London boroughs approve 64% fewer new builds in Q1 this year ahead of mayoral election.
The number of new build homes approved for development in the first three months this year is nearly two thirds fewer than for the same period last year.
Nearly 40% of applications are currently being rejected, which estate agents Stirling Ackroyd say is the highest rate for a year – in 2015’s Q1, the rate at which applications were rejected was just 18%.
The number of homes permitted varies wildly with Westminster approving 626 and Southwark permitting 97% of developments. However Richmond council granted permission to just 11 homes in the first three months of the year.
At that rate, a total of 17,290 homes would be approved in 2016, far short of the 50,000 estimated to be needed each year to meet the capital’s needs. For comparison, the 11,870 applied for in the same period last year would have resulted in a total of 47,460 over the year.
However town hall planning departments aren’t solely to blame with applications also down. Permission to build 7,050 homes was applied, less than half of the 14,400 in the same period last year.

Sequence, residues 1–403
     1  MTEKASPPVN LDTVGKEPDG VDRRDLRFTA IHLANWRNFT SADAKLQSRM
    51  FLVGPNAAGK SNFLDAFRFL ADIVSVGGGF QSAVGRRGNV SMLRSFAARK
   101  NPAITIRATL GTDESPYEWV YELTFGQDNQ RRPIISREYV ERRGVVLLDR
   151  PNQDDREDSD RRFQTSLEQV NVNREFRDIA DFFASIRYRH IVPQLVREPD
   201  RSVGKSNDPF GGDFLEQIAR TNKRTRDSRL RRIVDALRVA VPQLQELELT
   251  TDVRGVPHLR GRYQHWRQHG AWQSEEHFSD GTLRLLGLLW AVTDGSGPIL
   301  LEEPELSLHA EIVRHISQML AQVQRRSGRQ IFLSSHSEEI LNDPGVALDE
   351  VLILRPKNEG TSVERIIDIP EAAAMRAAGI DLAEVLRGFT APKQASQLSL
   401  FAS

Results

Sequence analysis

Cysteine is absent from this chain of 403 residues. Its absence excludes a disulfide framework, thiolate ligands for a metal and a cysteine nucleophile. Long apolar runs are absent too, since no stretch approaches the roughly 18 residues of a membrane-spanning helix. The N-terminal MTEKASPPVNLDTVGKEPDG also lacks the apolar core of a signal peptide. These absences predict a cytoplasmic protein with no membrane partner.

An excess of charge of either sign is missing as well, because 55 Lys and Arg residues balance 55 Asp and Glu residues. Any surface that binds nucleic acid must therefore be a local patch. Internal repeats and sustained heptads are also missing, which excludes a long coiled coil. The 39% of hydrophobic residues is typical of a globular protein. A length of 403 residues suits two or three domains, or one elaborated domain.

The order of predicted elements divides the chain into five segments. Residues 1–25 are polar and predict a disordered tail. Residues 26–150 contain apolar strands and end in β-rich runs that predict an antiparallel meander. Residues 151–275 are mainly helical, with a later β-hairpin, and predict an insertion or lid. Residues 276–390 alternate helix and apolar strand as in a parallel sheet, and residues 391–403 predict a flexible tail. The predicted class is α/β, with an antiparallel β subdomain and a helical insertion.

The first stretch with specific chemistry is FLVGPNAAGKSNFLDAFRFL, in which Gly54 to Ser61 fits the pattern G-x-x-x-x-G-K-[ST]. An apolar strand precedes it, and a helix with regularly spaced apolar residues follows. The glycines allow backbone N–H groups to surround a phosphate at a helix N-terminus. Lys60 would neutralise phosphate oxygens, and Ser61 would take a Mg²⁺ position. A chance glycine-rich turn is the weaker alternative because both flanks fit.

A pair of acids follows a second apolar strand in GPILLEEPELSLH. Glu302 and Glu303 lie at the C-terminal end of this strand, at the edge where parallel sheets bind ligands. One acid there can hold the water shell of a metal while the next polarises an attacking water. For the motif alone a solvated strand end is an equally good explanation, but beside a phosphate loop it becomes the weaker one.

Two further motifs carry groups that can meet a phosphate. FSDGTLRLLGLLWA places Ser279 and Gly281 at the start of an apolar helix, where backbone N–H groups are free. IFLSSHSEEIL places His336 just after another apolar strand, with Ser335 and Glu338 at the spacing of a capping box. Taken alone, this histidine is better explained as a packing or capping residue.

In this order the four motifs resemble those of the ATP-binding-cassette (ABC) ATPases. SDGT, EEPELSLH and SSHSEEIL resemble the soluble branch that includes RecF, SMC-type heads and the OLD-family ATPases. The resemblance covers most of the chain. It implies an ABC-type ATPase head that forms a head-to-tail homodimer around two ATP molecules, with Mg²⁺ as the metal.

Andrew Bridges, managing director of Stirling Ackroyd, said: “It’s a sluggish and disappointing start to 2016, which should be a year of real progress. In an election year, the most frustrating side to the slow pace of planning departments is that London has the drive, capacity and ability to take control of its housing problems. Londoners want change. And if you believe all the mayoral candidates’ speeches – everyone wants a positive outcome too.
“But change isn’t happening. The number of homes are falling to new lows, contributing to a completely unfair and immoral housing shortfall. On the streets of the capital, homes are the top concern – and yet this isn’t being heard. Housing is politically fashionable – but sadly not politically practical. As the Chancellor demonstrated in the Budget last month, housebuilding can slide down the agenda quickly. It’s imperative this slide doesn’t happen this summer after the new Mayor takes office in City Hall. There’s no easy fix, and building alone isn’t sufficient to get people on the home ownership ladder. But enough new homes are a necessary starting point that is still so far away from reality.
“More homes bring more options. For those locked out of London every small improvement helps. But planning is the blockage. Unless all planning officials embrace a pragmatic approach to divvying up London’s space – the housing deficit will only worsen.”